Sharp spike in reports of child abuse

Childline noted a 47.08% increase in calls related to child abuse nationally for the period April 1 2020 to March 31 2021.

Childline noted a 47.08% increase in calls related to child abuse nationally for the period April 1 2020 to March 31 2021.

Published May 29, 2021


Cape Town - The plight of a 13-year-old who had to flee from her foster care home in Wesbank last week for help is but an echo of the staggering growth in child abuse cases in foster care.

Cases have jumped from about five per week to five per day, according to Western Cape Missing Persons Unit. This, ahead of Child Protection Week will will be observed nationally next week.

Founder of the Missing Person’s Unit Candice van der Rheede said: “Every day I receive cases. Before it was not as hectic. We received four or five per week. Now it's reached the stage where we are receiving that total per day. One of the reasons I posted about the abuse is because of all the challenges faced.

“One of the cases that stands out for me was a 13-year-old who was placed in foster care. The child ran out of Wesbank around 7pm to my neighbour. (The) child showed me she had scares. She said uncles who stayed there hit her with a fan belt.”

She added that there was a social worker on the case but the child was threatened by an aunt not to say anything.

“Why doesn’t the social worker speak to the child? On a daily basis I am getting complaints about foster parents. She (the child) sleeps in a drug den on the floor with one blanket. The big problem with regards to missing children is because 90% of the time the parents are on drugs, the father is being abusive either hitting them or sexually abusing them. This is one of the reasons why some of our children run away.”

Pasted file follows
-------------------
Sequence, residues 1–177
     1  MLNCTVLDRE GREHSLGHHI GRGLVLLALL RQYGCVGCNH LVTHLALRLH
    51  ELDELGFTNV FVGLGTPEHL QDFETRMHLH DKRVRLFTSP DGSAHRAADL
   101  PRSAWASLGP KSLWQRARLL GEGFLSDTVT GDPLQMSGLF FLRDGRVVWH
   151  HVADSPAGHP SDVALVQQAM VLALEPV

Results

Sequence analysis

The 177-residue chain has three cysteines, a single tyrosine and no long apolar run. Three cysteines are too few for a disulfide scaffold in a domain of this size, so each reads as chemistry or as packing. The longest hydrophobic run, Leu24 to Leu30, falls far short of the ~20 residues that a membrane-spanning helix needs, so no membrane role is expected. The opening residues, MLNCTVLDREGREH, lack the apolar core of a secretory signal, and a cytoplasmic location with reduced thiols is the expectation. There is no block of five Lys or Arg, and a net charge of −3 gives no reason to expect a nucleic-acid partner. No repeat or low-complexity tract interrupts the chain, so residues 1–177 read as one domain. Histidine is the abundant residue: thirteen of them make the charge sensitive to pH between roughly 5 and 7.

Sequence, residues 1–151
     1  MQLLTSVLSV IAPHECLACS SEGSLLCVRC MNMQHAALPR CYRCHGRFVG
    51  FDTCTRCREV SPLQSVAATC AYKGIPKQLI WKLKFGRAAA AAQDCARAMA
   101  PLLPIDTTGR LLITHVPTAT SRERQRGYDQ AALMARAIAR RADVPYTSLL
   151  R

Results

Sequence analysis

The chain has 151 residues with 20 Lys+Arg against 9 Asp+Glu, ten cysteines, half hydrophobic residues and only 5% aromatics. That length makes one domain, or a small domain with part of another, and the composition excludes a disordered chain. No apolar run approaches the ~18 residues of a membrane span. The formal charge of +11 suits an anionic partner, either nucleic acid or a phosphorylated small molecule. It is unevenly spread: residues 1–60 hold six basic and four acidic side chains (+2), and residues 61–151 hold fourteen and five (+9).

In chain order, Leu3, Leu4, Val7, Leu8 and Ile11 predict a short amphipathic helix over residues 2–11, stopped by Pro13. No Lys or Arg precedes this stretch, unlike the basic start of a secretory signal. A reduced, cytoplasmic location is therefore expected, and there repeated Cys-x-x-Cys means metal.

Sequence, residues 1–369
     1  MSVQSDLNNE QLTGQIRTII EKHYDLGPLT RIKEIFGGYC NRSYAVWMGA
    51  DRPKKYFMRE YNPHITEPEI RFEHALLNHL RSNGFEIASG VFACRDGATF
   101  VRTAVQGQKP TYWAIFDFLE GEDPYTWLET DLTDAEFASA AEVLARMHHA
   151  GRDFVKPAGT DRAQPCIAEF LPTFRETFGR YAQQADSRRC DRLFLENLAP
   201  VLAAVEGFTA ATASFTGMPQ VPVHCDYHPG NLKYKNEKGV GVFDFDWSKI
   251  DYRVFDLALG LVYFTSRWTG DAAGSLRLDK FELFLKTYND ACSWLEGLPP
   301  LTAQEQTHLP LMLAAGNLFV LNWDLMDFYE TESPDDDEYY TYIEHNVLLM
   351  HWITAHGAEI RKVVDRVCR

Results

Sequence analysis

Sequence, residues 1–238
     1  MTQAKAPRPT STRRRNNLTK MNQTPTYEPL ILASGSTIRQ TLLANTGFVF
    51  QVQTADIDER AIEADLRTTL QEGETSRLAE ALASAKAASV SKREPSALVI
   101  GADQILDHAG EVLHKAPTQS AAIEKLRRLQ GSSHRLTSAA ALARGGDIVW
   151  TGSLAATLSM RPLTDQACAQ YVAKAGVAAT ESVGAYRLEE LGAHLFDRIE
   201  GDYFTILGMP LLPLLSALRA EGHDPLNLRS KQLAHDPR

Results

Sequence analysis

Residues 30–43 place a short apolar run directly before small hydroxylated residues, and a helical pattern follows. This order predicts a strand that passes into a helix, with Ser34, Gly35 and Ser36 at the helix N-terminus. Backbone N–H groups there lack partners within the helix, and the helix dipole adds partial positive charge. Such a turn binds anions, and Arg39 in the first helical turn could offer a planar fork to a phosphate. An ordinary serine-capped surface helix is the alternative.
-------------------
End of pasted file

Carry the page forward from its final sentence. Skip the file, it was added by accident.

“I also have a case of a 10-year-old that went missing and ran up to the police station to lay a charge against the mother's sister who is also a foster parent. She beats the child. We don’t only deal with missing children but also the restoration of families,” said Van Der Rheede.

She added that social grants were often motivation for having many foster children.

Director of clinical services at the Teddy Bear Clinic Dr Shaheda Omar said the fostering of children for social grants has been an ongoing problem.

“These are parents that do it for their own interest. There are pockets of excellence where parents do it out of goodwill. There are other instances of emotional and other forms of abuse and neglect with foster parents. Most foster abuse is accidentally discovered because the children are fearful of implications to disclose what happened,” said Omar.

She added that some foster parents would present good behaviour when a social worker is present or tell the child to act a certain way.

“Child abuse in general has two sides to a coin. There is more awareness now so more cases are reported which does not mean an increase but that there are more resources available,” said Omar.

Childline noted a 47.08% increase in calls related to child abuse nationally for the period April 1 to March 31 this year.

“Childline receives calls in relation to child protection issues and we will then refer the case to the statutory organisation that works in the area where the alleged incident has taken place if so required. We are well known for our toll-free number which is used by both children and adults alike,” said executive director for Childline Western Cape, Ricki Fransman.

The provincial department of Social Development said rigorous screening is done regarding the foster parent's background circumstances and their ability to care for and protect children in alternative care.

“Prospective safety parents and foster-care parents are placed on an approved list after they have passed the screening, statutory checks, and training in terms of the Children's Act before they are approved and found suitable to care for children. On approval, checks are conducted in terms of family members, religious leaders, neighbours, and community members to substantiate the information provided by the prospective foster parents in the screening assessment process,” said department spokesperson Joshua Chigome.

He added that visits were conducted every six months or if concerns are raised or abuse is reported.

“If removal is not required, regular visits will be conducted, and a safety plan will be in place to monitor the care and safety of the child.”

Childline can be contacted on 116 to report abuse. The calls are free and counsellors are available to assist.

Weekend Argus

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